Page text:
Bergdahl told filmmaker Mark Boal that he wrote upwards of 380 pages for a report for Maj. Kenneth Dahl, who investigated the case, about his motivations for leaving his base in Afghanistan. 

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In the fifth episode of 'Serial," the popular podcast focusing its second season on Idaho native Sgt. Bowe Bergdahl, producer Sarah Koenig explores the many ways, official and unofficial, people stateside sought Bergdahl's freedom.

Bergdahl was captured by the Taliban in 2009 when he walked off his base in Afghanistan. He was held for about five years until President Barack Obama negotiated a deal to have him released.

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If you’re waiting for Episode Five of the popular “Serial” podcast to drop today, you’ll have to keep waiting.

The spin-off  podcast from public radio’s “This American Life” has announced it will release the rest of its Season Two episodes on a bi-weekly basis. This is a departure from its original “one story told week-by-week” tagline.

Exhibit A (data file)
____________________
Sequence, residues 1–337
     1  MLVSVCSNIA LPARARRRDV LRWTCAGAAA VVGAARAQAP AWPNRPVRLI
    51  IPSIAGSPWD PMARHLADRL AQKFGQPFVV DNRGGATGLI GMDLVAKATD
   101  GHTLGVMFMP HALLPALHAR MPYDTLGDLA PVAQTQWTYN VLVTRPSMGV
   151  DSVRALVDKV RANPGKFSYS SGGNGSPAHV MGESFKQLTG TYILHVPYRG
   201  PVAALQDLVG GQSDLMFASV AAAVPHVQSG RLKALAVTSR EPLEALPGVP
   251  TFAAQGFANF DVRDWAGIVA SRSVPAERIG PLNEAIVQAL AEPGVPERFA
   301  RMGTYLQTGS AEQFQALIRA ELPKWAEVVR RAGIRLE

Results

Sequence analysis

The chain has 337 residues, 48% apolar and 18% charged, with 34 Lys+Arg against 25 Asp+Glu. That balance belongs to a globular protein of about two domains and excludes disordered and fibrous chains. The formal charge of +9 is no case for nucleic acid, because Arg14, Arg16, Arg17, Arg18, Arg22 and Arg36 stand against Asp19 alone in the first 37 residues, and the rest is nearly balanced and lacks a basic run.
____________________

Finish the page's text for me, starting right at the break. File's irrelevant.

Serial’s Season Two is focusing on the case of Army Sgt. Bowe Bergdahl, a story that is still developing.

Dept. of Defense

Sgt. Bowe Bergdahl, a U.S. soldier who walked off his base in Afghanistan in 2006, didn't like clocks in his room after being rescued from the Taliban in 2014, he said in the fourth episode of "Serial's" second season.

"Serial" is the popular "This American Life" spin-off podcast that delved into a true crime story in its first season and is focusing on Bergdahl in its second season.

Bergdahl told filmmaker Mark Boal in an interview on the episode that he became uncomfortable with clocks during his five years in the Taliban's hands.

"Months and days, weeks or months, don't matter because (the) only thing you can really understand is how long the seconds are lasting," Bergdahl said in the interview. "That's what hits you the hardest: is just the seconds."

Click here to read the entire story from the Idaho Statesman.